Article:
The Foundation Gives Its First Grant
Saratoga, CA -- (ReleaseWire) -- 12/14/2010 -- The Sam Butler Callahan Foundation, a nonprofit organization dedicated to finding a cure for Ewing’s sarcoma, is pleased to announce that it has given its first grant to The University of Texas MD Anderson Children’s Cancer Hospital. The $20,000 grant will go toward furthering MD Anderson Children’s Cancer Hospital’s groundbreaking research and treatment of Ewing’s sarcoma, a rare form of bone cancer that strikes children and adolescents.
Jeanne Butler, Executive Director of the Foundation, presented the grant in person to Dr. Pete Anderson, a Curtis Distinguished professor at the Children’s Cancer Hospital in Houston, Texas and Dr. Vivek Subbiah, pediatric hematology/oncology fellow at the hospital.
“We chose MD Anderson as the recipient of our first grant, because of the extraordinary Ewing’s sarcoma research and treatment that Dr. Pete Anderson and Dr. Vivek Subbiah are doing,” said Butler. “We are grateful for their innovative approach to treating Ewing’s sarcoma, as well as supporting patients and their families to help them live as normal a life as possible.”
“Funding is essential as we investigate new and better treatments for metastatic Ewing’s sarcoma,” said Dr. Anderson. “Our current research is studying the biological processes that affect metastatic Ewing’s sarcoma. As we come to understand these processes we can better develop targeted therapies such as insulin-like-growth-factor-1-receptor inhibitors and other molecules targeted to influence those processes and improve survival for our patients.”
“I chose to focus on Ewing’s sarcoma because it affects children, adolescents and young adults. The results of chemotherapy have remained unchanged for many years and I really felt we needed more tools and improved treatment to give these young people a higher survival rate,” added Dr. Anderson.
About the Sam Butler Callahan Foundation
The Sam Butler Callahan Foundation is a 501 (c)(3) nonprofit organization founded in 2009 by Sam Callahan and his aunt Jeanne Butler. The Foundation provides a social community of support and financial resources to Ewing’s sarcoma patients and their families. The Foundation also exists to increase public awareness and fund research for Ewing’s sarcoma, the “forgotten youth cancer.” Ewing’s sarcoma occurs in the bone or the soft tissue close to the bone, most often in adolescents between the ages of 10 and 20. It is the second most common malignant bone tumor in children and adolescents and is devastating to youths around the world. Yet, childhood cancer is the most under-funded of all cancers in the world, and research funding for Ewing’s sarcoma in particular is almost non-existent. Visit http://www.SamsTeam.org and http://www.SamCallahanFoundation.org for more information.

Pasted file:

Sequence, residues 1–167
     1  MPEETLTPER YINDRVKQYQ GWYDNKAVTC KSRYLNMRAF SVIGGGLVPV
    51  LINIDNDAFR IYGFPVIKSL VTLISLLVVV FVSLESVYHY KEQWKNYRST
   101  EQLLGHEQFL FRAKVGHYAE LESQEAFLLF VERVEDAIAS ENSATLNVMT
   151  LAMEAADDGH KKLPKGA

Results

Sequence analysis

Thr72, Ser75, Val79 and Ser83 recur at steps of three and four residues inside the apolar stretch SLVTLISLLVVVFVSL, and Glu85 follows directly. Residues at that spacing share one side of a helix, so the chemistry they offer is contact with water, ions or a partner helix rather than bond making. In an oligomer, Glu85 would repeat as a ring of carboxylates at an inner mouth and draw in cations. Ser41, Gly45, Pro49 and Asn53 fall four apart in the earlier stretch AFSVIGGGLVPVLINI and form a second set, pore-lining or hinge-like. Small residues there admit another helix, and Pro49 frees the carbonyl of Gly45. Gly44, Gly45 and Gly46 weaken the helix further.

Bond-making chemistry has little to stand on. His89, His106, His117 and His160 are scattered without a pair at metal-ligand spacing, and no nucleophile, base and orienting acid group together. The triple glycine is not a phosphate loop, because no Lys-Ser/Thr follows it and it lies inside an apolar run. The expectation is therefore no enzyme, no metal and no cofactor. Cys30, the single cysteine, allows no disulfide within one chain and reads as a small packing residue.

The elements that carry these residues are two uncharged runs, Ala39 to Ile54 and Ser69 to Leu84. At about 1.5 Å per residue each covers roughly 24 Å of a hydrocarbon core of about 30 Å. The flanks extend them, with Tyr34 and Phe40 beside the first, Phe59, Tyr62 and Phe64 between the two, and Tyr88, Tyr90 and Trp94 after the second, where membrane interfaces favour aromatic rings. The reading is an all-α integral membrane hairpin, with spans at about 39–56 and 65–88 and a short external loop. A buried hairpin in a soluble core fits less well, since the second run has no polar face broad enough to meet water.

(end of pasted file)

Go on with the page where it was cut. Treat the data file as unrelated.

About MD Anderson
The University of Texas MD Anderson Cancer Center in Houston ranks as one of the world’s most respected centers focused on cancer patient care, research, education and prevention. MD Anderson is one of only 40 comprehensive cancer centers designated by the National Cancer Institute. For seven of the past nine years, including 2010, MD Anderson has ranked No. 1 in cancer care in “America’s Best Hospitals,” a survey published annually in U.S. News & World Report.
About MD Anderson Children’s Cancer Hospital
The University of Texas MD Anderson Children’s Cancer Hospital has been serving children, adolescents and young adults for more than 65 years. In addition to the groundbreaking research and quality of treatment available to pediatric patients, the nationally ranked Children’s Cancer Hospital provides comprehensive programs that help children lead more normal lives during and after treatment.
MD Anderson Children’s Cancer Hospital provides patients with the most advanced treatments available for osteosarcoma and Ewing’s sarcoma. Within a family-centered environment, patients are cared for by a team of pediatric oncologists, orthopedic surgical oncologists and support specialists who specialize in pediatric sarcomas. Most recently, research by Children’s Cancer Hospital experts led to the development of the first therapy in more than 20 years to improve the long-term survival of these patients.